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Article | November 30, 1994
Reduced maintenance Rauh reports that Miller has experienced additional savings because the new system requires less attention. The stretch wrap machines had to be reloaded with plastic film two times each shift; the spray system requires a supply change only once a week. A central pumping station works from a 250-gal tote to feed the spray nozzles. When a tote runs low, an automatic alarm lets workers know it's time to replace the tote. According to Tim Stiffler, brewing technician, the pumping station has two pumps so the filters can be cleaned easily. "When we have a few free minutes, we just switch it over and clean the filters. There's really no major time involved. We do it once a week. In the long run it's very cost effective." Rauh estimates that the maintenance cost of using the spray system is about one-fifth the cost of using off-line stretch wrap machines. When the system was first adopted, Willie Harvey, plant distribution team manager, was less concerned with the numbers and more concerned with how drivers and distributors would react to it. Over a period of four months Miller conducted a series of tests. Test pallet loads were assembled with the cohesive system, warehoused, and then trucked over long distances. Harvey's team identified the exact application density that would allow truck drivers to separate the cartons from their pallets easily, while still providing a bond strong enough to withstand the rigors of over-the-road shipping. "We wanted to use the product," says Harvey, "and we wanted to make sure that the route drivers were happy with it." Persuading distributors Distributors, too, had to be satisfied. Harvey recalls their skepticism. "A lot of distributors going into it said, 'Hey, I want stretch wrap. That stuff won't hold.' But we've educated a lot of drivers and distributors. We let them see our operation, let them see what we are doing. That works wonders for us." Harvey makes it a point to call 25 to 30 distributors each month to get an informal status report on how Miller and the new system are doing. The company also routinely invites both distributors and drivers to observe their operation and learn more about the new method of pallet securing. According to Harvey, most now favor the system, which actually facilitates loading operations. Workers can quickly break down a loaded pallet without jeopardizing its structural integrity. "When a trailer comes in to be loaded," says Harvey, "we want to get it in and out as quickly as possible without any disruption or cases falling off the pallets." Also, when the load arrives at the distributor's warehouse, he doesn't face the inconvenience and expense of disposing of plastic wrap. Producing at a rate of 5.2 million barrels/yr of beer, plant savings really mount up fast. "When you have off-line wrappers- as we historically have at Miller-you add the labor cost to the savings in materials. This system is probably one-fifth the cost of stretch wrapping," says Rauh. The fact that the sprayed solution is non-toxic and biodegradable is another plus for Miller, according to Harvey. "With all of the restrictions coming out of Washington, the landfills, the cost of hazardous waste or anything of that nature, the industry is always looking for ways to resolve those kinds of issues," he says. "Anytime you can keep out of landfills, it's a step in the right direction."Learn about packaging innovation at The Packaging Conference in Orlando, February 3-5, 2014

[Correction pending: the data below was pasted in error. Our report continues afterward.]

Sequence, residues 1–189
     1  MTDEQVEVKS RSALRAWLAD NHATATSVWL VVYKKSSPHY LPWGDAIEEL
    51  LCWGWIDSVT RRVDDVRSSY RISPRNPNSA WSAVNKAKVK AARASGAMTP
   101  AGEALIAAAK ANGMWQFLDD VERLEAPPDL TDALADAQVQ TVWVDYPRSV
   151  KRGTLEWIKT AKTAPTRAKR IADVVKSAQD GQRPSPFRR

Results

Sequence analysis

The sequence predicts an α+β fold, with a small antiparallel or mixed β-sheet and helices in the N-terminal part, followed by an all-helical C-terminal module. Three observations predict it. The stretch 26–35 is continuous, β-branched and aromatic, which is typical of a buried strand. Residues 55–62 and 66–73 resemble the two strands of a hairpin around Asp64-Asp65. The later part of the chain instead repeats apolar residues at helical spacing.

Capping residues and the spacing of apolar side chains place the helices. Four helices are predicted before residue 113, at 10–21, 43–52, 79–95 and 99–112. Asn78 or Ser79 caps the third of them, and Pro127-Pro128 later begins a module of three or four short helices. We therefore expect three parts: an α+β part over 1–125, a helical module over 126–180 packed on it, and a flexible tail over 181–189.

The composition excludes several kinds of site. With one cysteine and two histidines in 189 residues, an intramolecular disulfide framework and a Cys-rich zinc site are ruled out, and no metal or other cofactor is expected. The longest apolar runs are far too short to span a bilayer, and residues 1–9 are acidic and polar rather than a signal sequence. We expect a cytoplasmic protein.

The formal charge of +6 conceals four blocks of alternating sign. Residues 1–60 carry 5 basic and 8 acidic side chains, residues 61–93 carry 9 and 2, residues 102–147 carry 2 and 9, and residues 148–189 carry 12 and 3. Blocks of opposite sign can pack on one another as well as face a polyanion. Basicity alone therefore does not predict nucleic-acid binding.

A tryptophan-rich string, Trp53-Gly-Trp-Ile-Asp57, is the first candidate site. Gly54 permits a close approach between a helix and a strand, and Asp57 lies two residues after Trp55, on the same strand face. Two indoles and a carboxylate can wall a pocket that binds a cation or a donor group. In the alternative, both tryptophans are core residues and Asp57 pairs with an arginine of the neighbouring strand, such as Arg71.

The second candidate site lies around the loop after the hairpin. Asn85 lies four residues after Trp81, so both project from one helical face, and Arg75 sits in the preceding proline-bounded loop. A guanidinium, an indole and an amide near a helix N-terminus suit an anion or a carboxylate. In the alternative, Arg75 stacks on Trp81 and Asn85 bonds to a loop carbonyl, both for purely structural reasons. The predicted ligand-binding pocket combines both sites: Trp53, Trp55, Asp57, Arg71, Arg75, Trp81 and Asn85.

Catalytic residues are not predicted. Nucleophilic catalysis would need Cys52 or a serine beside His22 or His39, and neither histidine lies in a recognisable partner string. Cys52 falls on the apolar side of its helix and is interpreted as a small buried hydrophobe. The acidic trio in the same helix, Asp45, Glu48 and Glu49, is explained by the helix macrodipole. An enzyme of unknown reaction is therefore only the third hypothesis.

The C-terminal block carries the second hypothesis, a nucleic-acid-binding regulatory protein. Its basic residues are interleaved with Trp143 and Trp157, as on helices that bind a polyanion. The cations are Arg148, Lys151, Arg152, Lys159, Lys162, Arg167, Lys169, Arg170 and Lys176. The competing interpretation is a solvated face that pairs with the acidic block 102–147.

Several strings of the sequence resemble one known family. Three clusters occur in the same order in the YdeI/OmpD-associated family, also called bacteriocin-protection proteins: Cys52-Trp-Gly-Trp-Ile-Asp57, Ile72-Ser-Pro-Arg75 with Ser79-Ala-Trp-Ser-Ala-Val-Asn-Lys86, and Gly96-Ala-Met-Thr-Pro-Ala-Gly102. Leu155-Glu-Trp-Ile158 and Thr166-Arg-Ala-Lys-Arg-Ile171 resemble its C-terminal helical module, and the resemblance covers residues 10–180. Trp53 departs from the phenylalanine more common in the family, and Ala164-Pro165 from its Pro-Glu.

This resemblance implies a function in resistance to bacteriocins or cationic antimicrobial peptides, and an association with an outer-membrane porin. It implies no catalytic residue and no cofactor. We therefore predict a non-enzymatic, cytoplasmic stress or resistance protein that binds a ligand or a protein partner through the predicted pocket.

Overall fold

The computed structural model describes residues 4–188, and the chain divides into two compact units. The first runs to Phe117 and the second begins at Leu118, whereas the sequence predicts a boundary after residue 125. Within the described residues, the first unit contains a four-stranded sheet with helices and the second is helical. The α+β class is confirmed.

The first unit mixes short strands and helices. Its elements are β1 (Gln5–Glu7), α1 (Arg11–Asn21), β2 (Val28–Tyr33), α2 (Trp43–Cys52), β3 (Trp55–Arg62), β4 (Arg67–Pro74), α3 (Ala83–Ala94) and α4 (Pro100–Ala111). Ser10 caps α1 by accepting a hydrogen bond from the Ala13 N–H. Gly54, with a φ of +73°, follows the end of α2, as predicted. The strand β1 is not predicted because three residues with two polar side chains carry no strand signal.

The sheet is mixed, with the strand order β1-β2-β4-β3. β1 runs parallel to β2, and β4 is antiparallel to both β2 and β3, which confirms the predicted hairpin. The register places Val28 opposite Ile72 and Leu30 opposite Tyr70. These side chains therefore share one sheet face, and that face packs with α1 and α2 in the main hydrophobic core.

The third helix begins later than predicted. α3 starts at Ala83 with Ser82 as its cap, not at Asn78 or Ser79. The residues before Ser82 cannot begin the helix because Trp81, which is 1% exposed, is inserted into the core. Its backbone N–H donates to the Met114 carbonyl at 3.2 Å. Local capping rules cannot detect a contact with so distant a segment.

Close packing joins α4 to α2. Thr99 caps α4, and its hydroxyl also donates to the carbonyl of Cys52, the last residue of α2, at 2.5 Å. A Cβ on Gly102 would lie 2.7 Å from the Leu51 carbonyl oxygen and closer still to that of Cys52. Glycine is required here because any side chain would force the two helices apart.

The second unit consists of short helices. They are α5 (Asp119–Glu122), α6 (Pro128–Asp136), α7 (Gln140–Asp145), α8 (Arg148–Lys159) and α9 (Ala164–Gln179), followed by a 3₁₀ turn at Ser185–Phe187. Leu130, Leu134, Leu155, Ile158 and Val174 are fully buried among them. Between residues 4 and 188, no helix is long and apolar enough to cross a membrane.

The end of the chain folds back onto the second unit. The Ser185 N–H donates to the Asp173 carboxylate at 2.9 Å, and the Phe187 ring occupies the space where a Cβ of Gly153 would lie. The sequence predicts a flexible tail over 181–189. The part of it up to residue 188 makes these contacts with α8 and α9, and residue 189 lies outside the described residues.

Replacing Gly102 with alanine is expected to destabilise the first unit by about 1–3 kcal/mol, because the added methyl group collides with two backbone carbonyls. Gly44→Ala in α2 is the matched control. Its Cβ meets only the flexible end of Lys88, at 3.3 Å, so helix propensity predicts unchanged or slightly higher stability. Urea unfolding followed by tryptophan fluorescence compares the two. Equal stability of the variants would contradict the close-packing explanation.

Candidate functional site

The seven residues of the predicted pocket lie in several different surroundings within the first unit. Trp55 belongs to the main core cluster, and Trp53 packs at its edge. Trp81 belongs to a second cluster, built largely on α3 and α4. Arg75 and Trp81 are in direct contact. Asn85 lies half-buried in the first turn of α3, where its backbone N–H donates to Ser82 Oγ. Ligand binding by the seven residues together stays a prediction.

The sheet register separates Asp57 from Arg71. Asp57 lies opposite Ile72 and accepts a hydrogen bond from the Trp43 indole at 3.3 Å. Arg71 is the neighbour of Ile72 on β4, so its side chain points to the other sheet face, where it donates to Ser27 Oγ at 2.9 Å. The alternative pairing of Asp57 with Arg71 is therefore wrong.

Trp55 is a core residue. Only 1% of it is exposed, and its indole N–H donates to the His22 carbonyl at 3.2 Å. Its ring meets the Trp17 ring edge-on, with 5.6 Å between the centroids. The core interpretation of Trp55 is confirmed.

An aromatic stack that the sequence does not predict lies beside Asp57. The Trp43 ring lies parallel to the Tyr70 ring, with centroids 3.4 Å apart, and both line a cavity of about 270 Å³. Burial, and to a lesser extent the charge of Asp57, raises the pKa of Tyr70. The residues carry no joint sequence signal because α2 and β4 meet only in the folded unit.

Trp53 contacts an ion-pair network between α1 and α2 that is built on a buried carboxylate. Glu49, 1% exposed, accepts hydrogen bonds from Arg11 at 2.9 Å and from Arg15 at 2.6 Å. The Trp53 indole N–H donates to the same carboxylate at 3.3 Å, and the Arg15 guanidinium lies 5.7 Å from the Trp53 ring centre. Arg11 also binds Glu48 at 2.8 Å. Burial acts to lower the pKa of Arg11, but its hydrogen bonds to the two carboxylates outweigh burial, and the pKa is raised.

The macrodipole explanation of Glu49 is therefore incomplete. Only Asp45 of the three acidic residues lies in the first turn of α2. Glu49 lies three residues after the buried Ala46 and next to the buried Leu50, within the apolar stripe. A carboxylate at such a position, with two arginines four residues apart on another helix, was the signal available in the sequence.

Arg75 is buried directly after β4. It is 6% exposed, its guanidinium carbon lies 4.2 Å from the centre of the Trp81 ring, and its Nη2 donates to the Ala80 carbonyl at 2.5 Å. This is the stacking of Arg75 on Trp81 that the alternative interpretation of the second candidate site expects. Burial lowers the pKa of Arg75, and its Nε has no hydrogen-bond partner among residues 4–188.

Palletizing system brews up savings for Miller
At Miller Brewing Company's Trenton, OH, plant, a switch from stretch wrap to a cohesive palletizing system has resulted in considerable reductions in material and labor costs while cutting waste as well.
Instead of sending every pallet load to a stretch wrapping machine, Miller now secures most of its loads with a cohesive liquid that is applied by spray nozzles mounted near the end of the packaging lines. A photo-eye triggers the nozzles to spray the tops of corrugated cases as they pass down the conveyor. Treated cases are immediately stacked on a pallet where they bond or lock together as they dry. A case can be separated by lifting its corner straight up to break the seal. The company decided to test the new system after a review of its palletizing operations, says Mike Rauh, technical packaging coordinator of corporate quality assurance. "What we needed to do," he explains, "was to eliminate the double handling required to wrap our pallet loads." At that time, Miller relied on off-line wrappers to apply stretch film to secure pallet loads. Thatmeant moving loads by forklift from the palletizer to the stretch wrapper, and then moving from the stretch wrapper to the truck. The in-line spray system means loads are moved only once, from the palletizer to the truck. Not only does that reduce labor costs, but it also frees up floor space that had been occupied by the wrappers. Called Lock'N'Pop, the system is manufactured by Key Tech Corp. (Mukilteo, WA) and was first tested at the Trenton plant a couple of years ago. Since then, Miller has reported a 20% reduction in handling costs and a 10% reduction in material costs.
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